There are still a surprising number of proprietary UNIX systems out there in production, on the public Internet. We're talking HP-UX, AIX, UnixWare, and even BSD/OS in some cases. There are many behind the scenes, indirectly supporting web sites and other publically-accessible services.
There is a lot of other networking gear that runs proprietary software, too.
Is open source software important to the Internet? Absolutely. Is it the "100%" you're claiming? Absolutely not.
There's some high profile exceptions like the infrastructure parts you mentioned, but noone expects you to open source your router and unix config, there's nothing worth contributing and collaborating on here.
The only one I can see is building culture/name for yourself (which I don't consider a trivial thing), but I can't think of anything else.
Think about this: if Twitter open sources 100% of their code, what would change? Would Twitter clones pop up all over the place? No, because Twitter is the software + infrastructure + name. Most companies think that their code contains some type of secret sauce that makes it special. In reality that's not true. Sure, Google may hide their exact PageRank algorithm, but they don't need to hide their web server code. Or their indexing algorithm. Companies like Twitter are even better for this: they do absolutely nothing that's really proprietary.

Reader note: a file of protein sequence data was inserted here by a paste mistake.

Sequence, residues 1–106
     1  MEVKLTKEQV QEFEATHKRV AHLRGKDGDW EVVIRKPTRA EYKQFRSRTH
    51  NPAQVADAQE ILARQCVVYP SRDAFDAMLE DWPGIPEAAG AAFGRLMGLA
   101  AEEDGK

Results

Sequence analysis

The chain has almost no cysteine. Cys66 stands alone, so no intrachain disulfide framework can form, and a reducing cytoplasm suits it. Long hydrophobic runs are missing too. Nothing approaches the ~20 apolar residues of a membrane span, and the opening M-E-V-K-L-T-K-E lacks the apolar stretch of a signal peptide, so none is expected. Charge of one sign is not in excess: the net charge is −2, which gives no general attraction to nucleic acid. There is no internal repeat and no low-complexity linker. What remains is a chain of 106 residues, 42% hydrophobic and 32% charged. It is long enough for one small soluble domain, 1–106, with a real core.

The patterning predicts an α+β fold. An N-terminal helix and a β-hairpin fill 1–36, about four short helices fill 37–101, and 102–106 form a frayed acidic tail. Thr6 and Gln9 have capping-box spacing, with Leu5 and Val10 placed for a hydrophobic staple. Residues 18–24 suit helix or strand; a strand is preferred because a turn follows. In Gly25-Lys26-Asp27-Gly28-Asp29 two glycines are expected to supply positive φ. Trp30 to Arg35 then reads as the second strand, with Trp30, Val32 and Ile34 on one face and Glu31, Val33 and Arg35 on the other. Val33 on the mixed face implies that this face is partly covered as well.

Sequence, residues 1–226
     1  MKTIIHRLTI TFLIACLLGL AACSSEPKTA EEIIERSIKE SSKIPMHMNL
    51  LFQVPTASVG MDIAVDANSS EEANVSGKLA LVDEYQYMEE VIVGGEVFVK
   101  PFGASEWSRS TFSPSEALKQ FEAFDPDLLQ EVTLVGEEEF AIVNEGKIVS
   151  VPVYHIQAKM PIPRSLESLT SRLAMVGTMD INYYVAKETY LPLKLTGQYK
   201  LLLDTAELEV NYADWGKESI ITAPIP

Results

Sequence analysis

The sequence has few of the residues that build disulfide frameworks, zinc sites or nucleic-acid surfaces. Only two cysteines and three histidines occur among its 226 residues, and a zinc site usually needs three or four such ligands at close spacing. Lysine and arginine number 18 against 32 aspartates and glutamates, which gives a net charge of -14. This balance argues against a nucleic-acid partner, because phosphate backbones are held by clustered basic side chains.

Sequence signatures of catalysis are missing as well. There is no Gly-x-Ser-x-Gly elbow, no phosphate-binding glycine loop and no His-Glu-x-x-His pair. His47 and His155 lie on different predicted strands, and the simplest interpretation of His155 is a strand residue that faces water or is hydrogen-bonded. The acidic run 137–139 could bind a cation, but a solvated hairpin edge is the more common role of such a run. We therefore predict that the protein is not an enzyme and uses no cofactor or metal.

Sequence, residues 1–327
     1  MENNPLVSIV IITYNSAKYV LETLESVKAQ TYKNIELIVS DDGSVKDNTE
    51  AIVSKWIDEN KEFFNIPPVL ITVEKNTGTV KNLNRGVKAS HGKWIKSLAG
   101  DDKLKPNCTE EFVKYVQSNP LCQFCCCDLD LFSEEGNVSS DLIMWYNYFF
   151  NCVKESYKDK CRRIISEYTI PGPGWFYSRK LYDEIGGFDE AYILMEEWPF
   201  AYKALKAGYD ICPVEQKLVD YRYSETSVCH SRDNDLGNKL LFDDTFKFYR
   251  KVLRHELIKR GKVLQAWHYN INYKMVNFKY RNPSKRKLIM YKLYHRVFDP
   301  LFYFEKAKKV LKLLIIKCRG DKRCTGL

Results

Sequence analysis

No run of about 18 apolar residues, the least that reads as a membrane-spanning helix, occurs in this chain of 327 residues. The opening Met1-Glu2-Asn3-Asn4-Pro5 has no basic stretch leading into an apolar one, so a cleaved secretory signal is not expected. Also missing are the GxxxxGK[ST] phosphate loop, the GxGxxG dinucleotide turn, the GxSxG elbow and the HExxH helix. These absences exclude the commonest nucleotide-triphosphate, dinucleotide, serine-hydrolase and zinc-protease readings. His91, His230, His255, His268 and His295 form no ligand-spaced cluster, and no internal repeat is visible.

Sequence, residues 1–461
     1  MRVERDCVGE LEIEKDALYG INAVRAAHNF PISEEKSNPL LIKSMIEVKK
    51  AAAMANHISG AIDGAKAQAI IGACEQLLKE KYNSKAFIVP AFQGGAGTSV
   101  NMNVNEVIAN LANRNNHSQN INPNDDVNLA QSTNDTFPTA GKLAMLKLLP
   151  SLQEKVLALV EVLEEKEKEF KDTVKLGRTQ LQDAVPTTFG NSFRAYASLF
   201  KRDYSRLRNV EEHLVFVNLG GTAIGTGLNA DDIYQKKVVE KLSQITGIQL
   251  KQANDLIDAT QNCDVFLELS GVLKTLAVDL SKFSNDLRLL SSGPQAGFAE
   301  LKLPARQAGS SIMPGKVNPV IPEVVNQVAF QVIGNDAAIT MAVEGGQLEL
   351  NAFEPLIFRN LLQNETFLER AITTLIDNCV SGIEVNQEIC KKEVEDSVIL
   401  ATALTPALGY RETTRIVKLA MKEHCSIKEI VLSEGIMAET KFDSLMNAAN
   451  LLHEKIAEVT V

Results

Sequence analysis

For an example of this on a much smaller scale look at TheTVDB (http://thetvdb.com/), their entire site source is OSS, yet there are no clones.
You probably mean this , but all I see is this . What's wrong with me?
Anyone who is interested in Twitter's current open source contributions should definitely check out the open source section of their engineering site as well:
Keep up the great work guys.
They key difference between Twitter and a would-be competitor is scale (and that's why the actual mechanics are not simple at all), but you don't get to that scale on the strength of technology alone. More importantly, once you're at that scale you become exceedingly hard to dethrone, for primarily non-technical reasons.